In Alaska, multiple news outlets have declared that Republican Dan Sullivan has defeated incumbent Democrat Mark Begich for the U.S. Senate seat in Alaska.
Sullivan’s win means that the GOP has flipped eight seats from the Democrats in the process of taking control of the Senate. One contest (the Louisiana runoff between Mary Landrieu and Bill Cassidy) remains to be decided early next month.
Dan Sullivan, a lieutenant colonel in the US. Marines and who held several high-level civilian positions in the federal government, previously served as Alaska’s attorney general and natural resources commissioner.
Begich has yet to concede the election, however.
According to Politico, “Begich’s narrow 2008 victory, in which absentee ballots provided a decisive, 7,000-vote turnaround in his favor, was cited by the Begich camp as a cause for hope — even as Sullivan led by more than 8,000 votes on Election Night.”
Although ballot counting is ongoing, AP has deemed Sullivan’s lead in the vote count as insurmountable, however.
Said Sullivan in a statement, “I’m deeply humbled and honored to be chosen by my fellow Alaskans to serve them in the United States Senate. From day one we told our supporters that we would run a campaign that Alaskans could be proud of, and that’s what we did.”
Many political observers have claimed a Begich TV commercial (subsequently retracted) that falsely accused Sullivan of being soft on crime backfired on the incumbent and served as the turning point in the campaign.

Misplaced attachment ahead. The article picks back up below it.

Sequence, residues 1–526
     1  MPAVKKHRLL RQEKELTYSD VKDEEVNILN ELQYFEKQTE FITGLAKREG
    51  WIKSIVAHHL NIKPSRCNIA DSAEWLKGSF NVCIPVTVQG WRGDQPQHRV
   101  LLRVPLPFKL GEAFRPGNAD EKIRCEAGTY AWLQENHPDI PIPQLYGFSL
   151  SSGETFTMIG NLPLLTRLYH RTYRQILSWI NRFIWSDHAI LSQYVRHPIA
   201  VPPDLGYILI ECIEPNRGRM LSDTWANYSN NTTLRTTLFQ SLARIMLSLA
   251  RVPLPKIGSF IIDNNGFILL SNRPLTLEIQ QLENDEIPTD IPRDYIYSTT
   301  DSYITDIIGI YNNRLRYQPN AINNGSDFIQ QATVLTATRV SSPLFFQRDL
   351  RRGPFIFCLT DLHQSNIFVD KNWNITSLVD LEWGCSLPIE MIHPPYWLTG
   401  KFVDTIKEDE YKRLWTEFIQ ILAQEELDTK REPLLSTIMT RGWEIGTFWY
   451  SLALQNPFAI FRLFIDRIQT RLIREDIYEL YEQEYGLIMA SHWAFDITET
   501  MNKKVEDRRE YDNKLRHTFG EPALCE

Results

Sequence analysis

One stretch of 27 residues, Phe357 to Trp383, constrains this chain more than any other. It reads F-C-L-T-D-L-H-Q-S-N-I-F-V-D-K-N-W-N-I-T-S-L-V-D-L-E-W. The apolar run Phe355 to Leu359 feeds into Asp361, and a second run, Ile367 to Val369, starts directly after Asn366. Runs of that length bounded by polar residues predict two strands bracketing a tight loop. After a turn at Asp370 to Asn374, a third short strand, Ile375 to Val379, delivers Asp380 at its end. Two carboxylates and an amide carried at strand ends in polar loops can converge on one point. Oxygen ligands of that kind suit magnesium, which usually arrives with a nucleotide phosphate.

Begich’s victory six years ago was something of a fluke in the generally red state.
“Begich barely pulled out a one-point victory in 2008 over long-time Republican incumbent Sen. Ted Stevens, who was convicted eight days before the election on seven felony accounts. And that was in a year that was good for Democrats across the country,” NBC News explained.
Had Sen. Stevens stepped down in favor of another candidate once his legal issues emerged, Begich likely would not have been elected.
A federal judge later tossed out the Stevens conviction on grounds of prosecutorial misconduct. The longest-serving Republican senator in history and a decorated World War II pilot, Stevens tragically died in a private plane crash in August 2010.
A career politician, Begich was the 60th vote (as was every Democrat in the Senate at the time) needed to overcome a filibuster and pass Obamacare, a.k.a. the Affordable Care Act. Public dissatisfaction with Obamacare partially explained the Republican landslide last Tuesday that conveyed control of the Senate to the GOP and increased its hold on the House.
The governor’s race in Alaska has yet to be called. Republican-turned-independent Bill Walker leads incumbent GOP Gov. Sean Parnell by several thousand votes.
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